The puzzle, of course, is why the supply of investment banking doesn’t expand so as to lower price and thus wages, in what appears to be a fairly competitive industry.
My take: The high payments solve an agency problem and align interests, and thus they are relatively invariant to competitive pressures. If Goldman does an IPO, the issuing company wants to make sure that Goldman promotes the issue properly. This means, among other things, that Goldman eschews pure market-clearing prices and instead places the issue in the hands of investors who will talk it up and promote it. For this to happen, Goldman has to care more about its relationship with the hiring, security-issuing firm than about some of its external relationships, namely other groups which would like to buy into the offering at favorable prices but which would not promote it as effectively (NB: this is not the only relevant conflict of interest problem, it is just an example).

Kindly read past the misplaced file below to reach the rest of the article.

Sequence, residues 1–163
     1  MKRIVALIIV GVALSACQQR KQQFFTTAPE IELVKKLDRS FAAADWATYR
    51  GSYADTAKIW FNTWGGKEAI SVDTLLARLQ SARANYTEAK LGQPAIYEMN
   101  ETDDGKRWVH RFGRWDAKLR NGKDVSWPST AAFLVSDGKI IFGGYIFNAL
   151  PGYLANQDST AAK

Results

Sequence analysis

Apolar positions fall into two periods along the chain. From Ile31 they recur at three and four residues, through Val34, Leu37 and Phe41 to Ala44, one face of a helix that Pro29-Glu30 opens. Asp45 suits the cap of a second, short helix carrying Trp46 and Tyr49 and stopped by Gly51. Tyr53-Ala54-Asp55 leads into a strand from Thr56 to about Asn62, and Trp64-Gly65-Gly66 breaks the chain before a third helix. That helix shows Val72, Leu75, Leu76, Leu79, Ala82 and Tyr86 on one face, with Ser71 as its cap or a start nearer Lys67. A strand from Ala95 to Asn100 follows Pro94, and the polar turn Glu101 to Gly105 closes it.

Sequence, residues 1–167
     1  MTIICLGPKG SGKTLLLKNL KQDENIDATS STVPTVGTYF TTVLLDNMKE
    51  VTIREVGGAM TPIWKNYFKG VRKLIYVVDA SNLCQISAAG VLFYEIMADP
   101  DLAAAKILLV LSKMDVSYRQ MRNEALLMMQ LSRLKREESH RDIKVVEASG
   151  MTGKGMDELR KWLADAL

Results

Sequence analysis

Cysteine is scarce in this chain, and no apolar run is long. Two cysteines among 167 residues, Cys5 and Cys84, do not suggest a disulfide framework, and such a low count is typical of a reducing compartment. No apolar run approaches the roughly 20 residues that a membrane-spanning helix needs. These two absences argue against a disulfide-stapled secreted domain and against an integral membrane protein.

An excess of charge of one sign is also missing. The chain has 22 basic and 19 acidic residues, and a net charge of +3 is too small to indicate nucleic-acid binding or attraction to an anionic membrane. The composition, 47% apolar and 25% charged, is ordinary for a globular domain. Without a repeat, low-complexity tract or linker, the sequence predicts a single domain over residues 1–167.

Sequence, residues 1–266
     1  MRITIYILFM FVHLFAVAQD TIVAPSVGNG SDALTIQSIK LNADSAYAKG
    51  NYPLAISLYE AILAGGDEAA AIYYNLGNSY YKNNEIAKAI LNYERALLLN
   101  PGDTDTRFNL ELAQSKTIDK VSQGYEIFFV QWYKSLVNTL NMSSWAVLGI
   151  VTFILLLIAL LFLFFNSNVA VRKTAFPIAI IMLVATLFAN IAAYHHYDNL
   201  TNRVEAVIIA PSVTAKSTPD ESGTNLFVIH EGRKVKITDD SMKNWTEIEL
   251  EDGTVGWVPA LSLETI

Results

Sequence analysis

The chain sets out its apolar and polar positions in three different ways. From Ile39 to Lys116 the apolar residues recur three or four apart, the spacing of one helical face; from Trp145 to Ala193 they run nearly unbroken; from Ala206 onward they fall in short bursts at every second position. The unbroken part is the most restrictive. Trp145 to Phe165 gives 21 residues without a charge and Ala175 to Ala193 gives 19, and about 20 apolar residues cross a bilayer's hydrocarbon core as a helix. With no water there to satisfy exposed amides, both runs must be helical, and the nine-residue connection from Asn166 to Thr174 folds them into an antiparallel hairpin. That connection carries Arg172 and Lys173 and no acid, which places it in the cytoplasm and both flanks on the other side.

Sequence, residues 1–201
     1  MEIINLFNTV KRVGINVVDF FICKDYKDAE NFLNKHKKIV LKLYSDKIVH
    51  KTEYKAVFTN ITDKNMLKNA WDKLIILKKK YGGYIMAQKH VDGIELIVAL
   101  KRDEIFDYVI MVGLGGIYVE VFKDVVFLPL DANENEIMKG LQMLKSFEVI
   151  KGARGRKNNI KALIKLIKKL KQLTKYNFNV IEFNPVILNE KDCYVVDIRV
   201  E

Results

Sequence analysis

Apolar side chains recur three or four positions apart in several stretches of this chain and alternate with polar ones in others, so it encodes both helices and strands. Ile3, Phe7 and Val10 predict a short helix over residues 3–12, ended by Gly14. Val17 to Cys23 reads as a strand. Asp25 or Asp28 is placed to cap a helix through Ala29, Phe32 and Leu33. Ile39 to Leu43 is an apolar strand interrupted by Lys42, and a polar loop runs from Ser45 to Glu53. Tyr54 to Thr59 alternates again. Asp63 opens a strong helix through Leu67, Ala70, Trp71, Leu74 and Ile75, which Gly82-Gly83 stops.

In other words, the company doing the IPO has to pay Goldman lots to ensure their loyalty.
Competition for doing IPOs won’t much lower the required payments needed to capture the loyalty of Goldman. There could be one million talented investment bankers bidding to do that issue, and ex post the security-issuing firm will still pay the winner large sums to align incentives in the desired manner.